The new research – published in the Journal of Food Science – analyses adulteration data included in the first ever public database in an effort to highlight the most fraud-prone ingredients in the food supply.
"This database is a critical step in protecting consumers," said Dr. John Spink of Michigan State University – who led the research.
"Food fraud and economically motivated adulteration have not received the warranted attention given the potential danger they present. We recently defined these terms and now we are defining the scope and scale.”
The authors of the research said that based on a review of records from academic journals, the top seven adulterated ingredients in the database are: olive oil, milk, honey, saffron, orange juice, coffee, and apple juice. In addition to identifying specific food ingredients and food categories vulnerable to adulteration, the researchers also analysed the methods used to commit such fraud – finding that 95% of records involved either partial of complete replacement of an authentic material with another, often less expensive substitute.
Spink said it was important to publish the findings (found here ) in the peer reviewed Journal of Food Science because many people do not believe a concept or risk exists if it does not appear in a scholarly journal: “We believe that publication of this paper ... will allow us to advance the science of food fraud prevention."
The analysis also suggests that had such a database been available before, recent adulteration issues - such as melamine contamination - could possibly have been avoided: “The database also provides information about potential adulterants that could reappear in the supply chain for particular ingredients ... For example, records in the database regarding melamine as an adulterant for high-protein-content ingredients date back to 1979,” said Spink and his team.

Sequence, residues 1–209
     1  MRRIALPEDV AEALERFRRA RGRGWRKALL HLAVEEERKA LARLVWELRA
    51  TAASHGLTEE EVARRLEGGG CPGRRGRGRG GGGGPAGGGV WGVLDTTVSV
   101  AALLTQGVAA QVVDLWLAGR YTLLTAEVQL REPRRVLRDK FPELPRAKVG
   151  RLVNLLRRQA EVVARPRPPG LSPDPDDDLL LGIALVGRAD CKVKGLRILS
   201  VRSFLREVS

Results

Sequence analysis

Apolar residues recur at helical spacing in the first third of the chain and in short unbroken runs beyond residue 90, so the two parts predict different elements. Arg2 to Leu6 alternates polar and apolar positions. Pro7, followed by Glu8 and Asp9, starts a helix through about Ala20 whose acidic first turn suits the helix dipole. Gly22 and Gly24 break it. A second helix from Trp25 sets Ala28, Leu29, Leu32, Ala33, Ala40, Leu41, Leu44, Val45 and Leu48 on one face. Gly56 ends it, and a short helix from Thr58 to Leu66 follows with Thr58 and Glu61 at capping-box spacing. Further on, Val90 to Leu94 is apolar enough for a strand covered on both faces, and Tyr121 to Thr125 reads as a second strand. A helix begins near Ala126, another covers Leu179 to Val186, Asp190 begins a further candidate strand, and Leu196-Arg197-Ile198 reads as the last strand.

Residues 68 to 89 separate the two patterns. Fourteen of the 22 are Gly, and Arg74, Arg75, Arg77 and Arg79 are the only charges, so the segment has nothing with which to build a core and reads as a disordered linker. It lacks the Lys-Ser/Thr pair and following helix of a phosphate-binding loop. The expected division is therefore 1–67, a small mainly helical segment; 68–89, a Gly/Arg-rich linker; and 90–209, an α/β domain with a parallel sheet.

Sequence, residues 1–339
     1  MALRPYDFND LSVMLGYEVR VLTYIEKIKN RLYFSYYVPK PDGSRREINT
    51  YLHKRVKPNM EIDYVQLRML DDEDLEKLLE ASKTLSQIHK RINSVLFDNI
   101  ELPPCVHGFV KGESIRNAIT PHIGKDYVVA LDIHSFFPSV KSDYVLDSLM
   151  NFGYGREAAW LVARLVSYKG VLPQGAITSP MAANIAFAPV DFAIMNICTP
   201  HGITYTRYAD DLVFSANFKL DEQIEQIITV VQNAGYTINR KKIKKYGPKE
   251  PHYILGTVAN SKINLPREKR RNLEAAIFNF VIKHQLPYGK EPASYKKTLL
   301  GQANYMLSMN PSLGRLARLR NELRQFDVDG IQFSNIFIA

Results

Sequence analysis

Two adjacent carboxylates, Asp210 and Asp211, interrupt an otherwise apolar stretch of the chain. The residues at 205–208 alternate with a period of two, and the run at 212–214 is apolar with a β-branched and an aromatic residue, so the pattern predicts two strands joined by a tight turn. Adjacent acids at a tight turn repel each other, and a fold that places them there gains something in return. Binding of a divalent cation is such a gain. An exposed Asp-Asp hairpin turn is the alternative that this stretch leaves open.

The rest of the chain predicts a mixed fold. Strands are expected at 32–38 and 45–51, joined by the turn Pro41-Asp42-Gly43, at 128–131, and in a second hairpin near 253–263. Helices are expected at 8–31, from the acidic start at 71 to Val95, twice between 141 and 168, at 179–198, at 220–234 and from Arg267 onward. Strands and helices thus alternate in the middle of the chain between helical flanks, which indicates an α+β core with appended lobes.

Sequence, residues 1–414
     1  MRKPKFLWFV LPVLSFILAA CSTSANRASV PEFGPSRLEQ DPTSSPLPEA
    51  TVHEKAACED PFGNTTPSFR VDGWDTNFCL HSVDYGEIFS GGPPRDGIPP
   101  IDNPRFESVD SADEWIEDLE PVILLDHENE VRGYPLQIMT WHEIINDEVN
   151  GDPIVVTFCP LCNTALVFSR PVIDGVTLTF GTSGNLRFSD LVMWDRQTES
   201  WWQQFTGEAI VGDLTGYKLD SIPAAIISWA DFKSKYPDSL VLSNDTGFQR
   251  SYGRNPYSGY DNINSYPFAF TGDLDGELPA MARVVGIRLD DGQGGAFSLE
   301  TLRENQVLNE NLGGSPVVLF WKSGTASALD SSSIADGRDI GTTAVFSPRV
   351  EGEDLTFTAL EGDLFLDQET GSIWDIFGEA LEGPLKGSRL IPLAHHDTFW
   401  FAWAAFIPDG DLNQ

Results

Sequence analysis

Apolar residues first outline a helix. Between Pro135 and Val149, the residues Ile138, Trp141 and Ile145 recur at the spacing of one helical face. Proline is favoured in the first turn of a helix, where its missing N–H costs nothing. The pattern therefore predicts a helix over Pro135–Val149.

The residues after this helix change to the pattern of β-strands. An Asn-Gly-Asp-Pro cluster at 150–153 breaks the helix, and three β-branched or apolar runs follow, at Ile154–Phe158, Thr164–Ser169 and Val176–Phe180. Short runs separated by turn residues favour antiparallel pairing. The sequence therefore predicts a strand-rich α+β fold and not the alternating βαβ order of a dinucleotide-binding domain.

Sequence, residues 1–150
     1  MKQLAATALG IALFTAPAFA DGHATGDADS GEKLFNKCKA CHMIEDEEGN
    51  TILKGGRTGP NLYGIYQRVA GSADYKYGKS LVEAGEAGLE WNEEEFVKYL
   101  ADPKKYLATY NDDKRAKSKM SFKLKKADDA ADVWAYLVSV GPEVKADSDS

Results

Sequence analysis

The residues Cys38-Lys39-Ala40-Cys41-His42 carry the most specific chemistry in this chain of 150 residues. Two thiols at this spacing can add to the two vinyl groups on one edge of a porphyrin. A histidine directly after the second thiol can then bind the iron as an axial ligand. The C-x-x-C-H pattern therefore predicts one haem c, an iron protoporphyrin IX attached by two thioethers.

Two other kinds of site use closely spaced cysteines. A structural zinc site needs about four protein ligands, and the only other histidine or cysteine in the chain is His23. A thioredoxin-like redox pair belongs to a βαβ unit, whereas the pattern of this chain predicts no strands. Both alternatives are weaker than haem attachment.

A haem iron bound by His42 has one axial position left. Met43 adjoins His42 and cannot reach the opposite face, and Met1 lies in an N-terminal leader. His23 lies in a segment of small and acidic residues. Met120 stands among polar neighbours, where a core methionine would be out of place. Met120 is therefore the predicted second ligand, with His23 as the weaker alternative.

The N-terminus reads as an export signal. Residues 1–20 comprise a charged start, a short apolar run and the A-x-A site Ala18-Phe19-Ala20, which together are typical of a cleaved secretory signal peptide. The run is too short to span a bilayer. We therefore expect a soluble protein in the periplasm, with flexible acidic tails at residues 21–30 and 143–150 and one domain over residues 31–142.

“Perhaps if this information had been readily available to risk assessors before the 2007 to 2008 incidents of melamine-adulterated wheat gluten and milk powders, it could have helped risk assessors anticipate these adulteration possibilities.”
The new database (found here ) has been set up by the U.S. Pharmacopeial Convention, to help develop standards and ensure the identity, quality and purity of food ingredients and dietary supplements. It provides baseline information to assist interested parties in assessing the risks of specific products.
The database includes a total of 1,305 records of food fraud and is based on more than 650 academic, media, and other publicly available reports.
Whilst it is traditionally considered to be an economic issue, and less a consumer safety threat, Spink and his team did find that in some ways food fraud may be more risky than traditional threats to the food supply.
They noted that adulterants being used are often ‘unconventional’ and designed to avoid detection through routine analyses.
For example, melamine, was considered neither a potential contaminant nor an adulterant in the food supply before the episodes of adulteration of pet food in 2007 and infant formula and other milk products in 2008, they said.
However they noted that using the new database, records indicate that melamine had been found as an adulterant to mimic protein as early as 1979. But, they explain, this remained virtually unknown until 2007.
"Food ingredients and additives present a unique risk because they are used in so many food products and often do not have visual or functional properties that enable easy discrimination from other similar ingredients or adulterants throughout the supply chain," they said – noting that current protection systems are not designed to look for the nearly infinite number of potential adulterants that may show up in the food supply.
Spink and colleagues also noted that glycerine is also a risk to adulteration. They explained that because the ingredient is a sweet, clear, colourless liquid, it is difficult to differentiate by sight or smell from other sweet, clear, colourless liquid syrups—including toxic diethylene glycol, which in the past has been substituted for glycerin with deadly consequences.
Source: Journal of Food Science
Published online ahead of print, doi: 10.1111/j.1750-3841.2012.02657.x
"Development and Application of a Database of Food Ingredient Fraud and Economically Motivated Adulteration from 1980 to 2010"
Authors: J.C. Moore, J. Spink, M. Lipp